Nativism, jobs and benefits
The fact that mainstream politicians are now speaking to the fear and hatred promoted by the extreme-Right’s anti-multicultural platform, and thereby legitimating conspiracy theories about Muslims, is not lost on the extreme Right. As an excited Geert Wilders told the Spiegel news magazine, both Merkel and the CDU have taken ‘the lead in the domain of Islam criticism’.The FN’s Marine Le Pen told the Financial Times, David Cameron’s attack on the failures of multiculturalism is ‘exactly’ the ‘type of statement that has barred us from public life for thirty years. I sense an evolution at European level, even in classic governments. I can only congratulate him.'
In most cases, centre-right politicians frame their attack on multiculturalism in terms of a need to dismantle barriers to integration or, even, in the case of Søren Pind, assimilation. They steer clear of the extreme-Right’s inflammatory rhetoric, with its undertone of cultural cleansing. But this is not always the case. Nicolas Sarkozy rarely fails to reach for incendiary vocabulary. But his repeated attempts to rally FN voters often rebound on his own party. Thus, in March 2011, Sarkozy had to sack his diversity adviser Abderrahmane Dahmane after Dahmane called on all Muslim members of the UMP to withhold party membership unless the national debate on Islam and secularism was cancelled. In fact Sarkozy’s wish-list – no Muslims praying outside, no halal meat options in schools, and no minarets – is merely a pale reflection of the FN’s programme, as UMP members full know. In December 2010, Marine Le Pen compared Muslims praying in the street outside the overcrowded mosques of certain Parisian neighbourhoods to the Nazi occupation and described fifteen areas of France where Muslims so worshipped as occupied territories. And the FN has launched its own programme against halal products, claiming that the majority of meat sold in supermarkets is halal, but the consumer is not being informed, even suggesting that eating such meat could somehow lead to the conversion of non-Muslims!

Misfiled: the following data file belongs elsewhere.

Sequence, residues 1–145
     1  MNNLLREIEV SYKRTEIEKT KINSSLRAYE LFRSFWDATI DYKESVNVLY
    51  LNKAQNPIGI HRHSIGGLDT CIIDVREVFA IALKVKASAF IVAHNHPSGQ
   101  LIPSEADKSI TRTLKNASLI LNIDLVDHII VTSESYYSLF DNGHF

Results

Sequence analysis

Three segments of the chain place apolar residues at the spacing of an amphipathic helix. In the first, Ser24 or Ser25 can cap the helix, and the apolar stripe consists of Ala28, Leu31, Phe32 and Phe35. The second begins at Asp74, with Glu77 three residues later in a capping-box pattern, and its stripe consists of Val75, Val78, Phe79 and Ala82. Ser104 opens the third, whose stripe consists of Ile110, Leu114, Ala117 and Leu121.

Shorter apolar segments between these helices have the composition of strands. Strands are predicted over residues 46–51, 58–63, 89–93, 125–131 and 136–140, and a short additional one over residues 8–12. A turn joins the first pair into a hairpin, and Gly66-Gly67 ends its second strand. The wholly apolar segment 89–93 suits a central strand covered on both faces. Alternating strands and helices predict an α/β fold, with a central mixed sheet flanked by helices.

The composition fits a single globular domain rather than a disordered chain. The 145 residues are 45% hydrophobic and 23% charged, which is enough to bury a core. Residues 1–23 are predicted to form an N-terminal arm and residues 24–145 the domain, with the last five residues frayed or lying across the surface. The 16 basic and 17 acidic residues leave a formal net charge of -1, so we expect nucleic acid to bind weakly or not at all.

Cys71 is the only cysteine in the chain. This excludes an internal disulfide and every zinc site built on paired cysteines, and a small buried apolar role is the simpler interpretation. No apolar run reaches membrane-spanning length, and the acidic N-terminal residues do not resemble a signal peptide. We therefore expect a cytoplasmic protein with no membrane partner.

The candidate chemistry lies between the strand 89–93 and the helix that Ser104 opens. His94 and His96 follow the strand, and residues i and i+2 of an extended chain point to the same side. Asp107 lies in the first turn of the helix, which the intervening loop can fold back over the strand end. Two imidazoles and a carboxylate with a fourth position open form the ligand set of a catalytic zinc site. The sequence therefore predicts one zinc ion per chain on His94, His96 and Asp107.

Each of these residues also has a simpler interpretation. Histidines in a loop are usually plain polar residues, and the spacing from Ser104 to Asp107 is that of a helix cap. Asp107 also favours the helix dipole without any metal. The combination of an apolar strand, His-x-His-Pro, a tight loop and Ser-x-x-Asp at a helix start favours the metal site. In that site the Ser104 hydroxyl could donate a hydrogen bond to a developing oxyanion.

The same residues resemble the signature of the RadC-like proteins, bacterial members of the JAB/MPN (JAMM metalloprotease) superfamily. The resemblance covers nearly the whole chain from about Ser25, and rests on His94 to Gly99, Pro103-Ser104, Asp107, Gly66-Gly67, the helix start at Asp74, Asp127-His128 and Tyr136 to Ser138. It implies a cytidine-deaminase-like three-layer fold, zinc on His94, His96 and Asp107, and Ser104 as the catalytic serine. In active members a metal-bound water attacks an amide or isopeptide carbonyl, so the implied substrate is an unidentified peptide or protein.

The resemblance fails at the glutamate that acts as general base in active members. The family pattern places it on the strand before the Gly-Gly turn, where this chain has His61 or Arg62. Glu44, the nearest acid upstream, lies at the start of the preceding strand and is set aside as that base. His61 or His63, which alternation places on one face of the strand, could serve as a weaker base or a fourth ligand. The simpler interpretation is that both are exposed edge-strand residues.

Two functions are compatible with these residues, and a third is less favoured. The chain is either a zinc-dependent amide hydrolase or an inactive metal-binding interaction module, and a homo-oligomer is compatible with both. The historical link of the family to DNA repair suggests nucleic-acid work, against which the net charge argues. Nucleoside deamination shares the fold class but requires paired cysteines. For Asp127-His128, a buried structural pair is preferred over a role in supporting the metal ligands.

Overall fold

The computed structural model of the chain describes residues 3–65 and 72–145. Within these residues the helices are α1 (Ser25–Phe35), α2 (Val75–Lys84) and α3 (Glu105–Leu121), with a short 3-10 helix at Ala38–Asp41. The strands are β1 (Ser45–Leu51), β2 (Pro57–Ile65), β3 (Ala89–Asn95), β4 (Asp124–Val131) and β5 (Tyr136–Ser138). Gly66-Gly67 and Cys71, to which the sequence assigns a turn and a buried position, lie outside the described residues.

But all those politicians who single out the multicultural society as a threat to national identity also speak to the agenda of national preference that has always been central to the extreme Right. Just as Powell’s attacks on immigration led to the closing of the door to primary immigration from the New Commonwealth through the immigration acts of 1968 and 1971, today’s attacks on multiculturalism have brought in their wake a round of policy proposals aimed not just at Europe’s Muslim communities, but also at residents, Third Country Nationals, migrant workers and new arrivals. Islamophobia is the route politicians have travelled in order to introduce new legislation to deny migrant workers access to public services, potentially exclude long-settled immigrants from a range of social benefits, and establish a policy of national preference (nativism) in employment. In this sense, it is true to say that Islamophobia and anti-Muslim racism today also serve an economic purpose.
Merkel in her Potsdam speech did not just attack multiculturalism. She also, crucially, declared that immigrant workers should not be considered for jobs ‘until we have done all we can to help our own people to become qualified and give them a chance’. National governments used to guarantee their citizens full employment, but no-one speaks of full employment anymore. As unemployment soars and employment rights are rescinded, as governments attack pension rights and the rights to sickness benefits, the discussion on employment resolves around the threat to ‘native workers’ posed by foreign workers. How can we discriminate against foreign workers, or in the words of former British prime minister Gordon Brown protect ‘British jobs for British workers’. Already in Denmark in July 2010, Karsten Lauritzen, integration spokesman for the ruling Liberal Party (Venstre) suggested paying immigrants half the current minimum wage. Even some in his party were horrified, and other politicians argued this would stigmatise immigrants and lead to hostility as they would be seen to undercut the wages of Danish workers. And in the Netherlands, where there has been a poisonous debate on migrants from eastern Europe, most of whom are on short term contracts via employment agencies, Marnix Norder, the Hague City Council member in charge of integration policies (Labour Party, PvDA), published a policy paper in November 2010 advocating that the ‘tsunami’ of eastern European migrants be sent home. Of course he had ‘nothing against them individually, but there are so many’.